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YA Indie Carnival: Importance of the Wolf Pack

At the circus, everyone looks forward to the big show. It takes many folks to pull it off; from the ring master right down to the guy who cleans the elephant stalls.

Writing is like a circus.

The end product, a novel, is the big show that keeps everyone entertained. It takes many folks to get to that point; from the author right down to the guy who cleans up the grammar.

OK, I have to admit, I fail the test a little when it comes to assembling the wolf pack–that group of essentials to make a novel work, like proofers, editors, beta readers, cover designers, marketers, etc. I’m a bit of a lone wolf. (My New Year’s resolution was actually to become less of a control freak.) I design my own covers. However, I do so only because I have completed formal education in graphic design and have designed advertisements and publications professionally for many years. So it’s justified at least to me. I normally wouldn’t suggest that an author design their own covers. Consider it a marketing investment. It really is. A great cover can be your best advertisement.

I think that many indie authors are also tempted into proofing and editing the work themselves. While it is important for an author to edit their own work so that they may improve their craft; it is equally (if not more) important that they have others review it as well. When you read over what you write, you carry all the baggage that came with writing. You know the characters, the set, the details better than anyone. If something is missed in the writing, you don’t necessarily miss it, because it is already there in your mind. A new person can look over it with fresh eyes and a different perspective.

Finally, we come to beta readers and I have a little anecdote to share. I am extremely close to my little sister who is an educator (like the majority of my relatives). She spent several years as coordinator of the academically gifted program at her school. For the last two years, she has been curriculum director for her school district. She is very well respected and very good at what she does. Everyone is shocked when they find out that she doesn’t read my books before they are released.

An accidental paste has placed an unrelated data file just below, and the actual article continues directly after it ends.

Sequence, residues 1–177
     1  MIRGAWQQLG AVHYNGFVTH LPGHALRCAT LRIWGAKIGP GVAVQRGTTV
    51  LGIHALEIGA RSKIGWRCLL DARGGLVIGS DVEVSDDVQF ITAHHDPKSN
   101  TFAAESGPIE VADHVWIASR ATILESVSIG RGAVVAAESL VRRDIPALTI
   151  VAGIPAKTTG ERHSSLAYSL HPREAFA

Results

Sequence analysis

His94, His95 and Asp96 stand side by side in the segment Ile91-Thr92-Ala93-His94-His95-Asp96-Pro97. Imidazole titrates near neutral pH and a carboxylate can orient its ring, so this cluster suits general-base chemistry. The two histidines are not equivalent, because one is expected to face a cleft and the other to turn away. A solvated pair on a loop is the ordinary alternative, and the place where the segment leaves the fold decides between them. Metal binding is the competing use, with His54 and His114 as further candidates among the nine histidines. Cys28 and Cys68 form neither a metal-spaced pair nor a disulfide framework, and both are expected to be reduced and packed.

To me, this shouldn’t be a shocker. My target audience is teen girls ages 13-17. And while I would absolutely love to say that my little sis (only three years younger than me) is in this age group–I can’t. In my opinion, beta readers should be the readers that you are trying to reach with your work, otherwise, the knowledge you gain from them is useless.

On the other hand, my mother has read every book as a beta reader. Okay, I know, hypocritical much? She IS my mom and a young soul at that. Plus, each read is worth a truckload of “teacup” points, which is a story for another time.

More on this topic…

1. Laura A. H. Elliott 2. Bryna Butler, author Midnight Guardian series
3. Melissa Pearl
4. T. R. Graves, Author of The Warrior Series
5. Suzy Turner, author of The Raven Saga 6. K. C. Blake, author of Vampires Rule and Crushed

3 Responses to YA Indie Carnival: Importance of the Wolf Pack

  1. trgraves says:

    No wonder your book covers are so amazing! Great advice! (✿◠‿◠)

  2. Suzy Turner says:

    Your covers are beautiful, Bryna! You’ve clearly got serious talent… not only can you write but you can also design. I’m so jealous 😉
    I’m still very grateful to you for Beta Reading The Lost Soul and saving me from embarrassment at the non-flying dinosaur! In fact, I mentioned it in my post!!
    🙂

  3. You do such an amazing job with your covers. You don’t need a designer from outside 🙂 How cool that you’ve had graphic design training.

    My best friend does all my covers for me, but again – she does graphic design, so I feel very lucky to have her.

    Great post, Bryna

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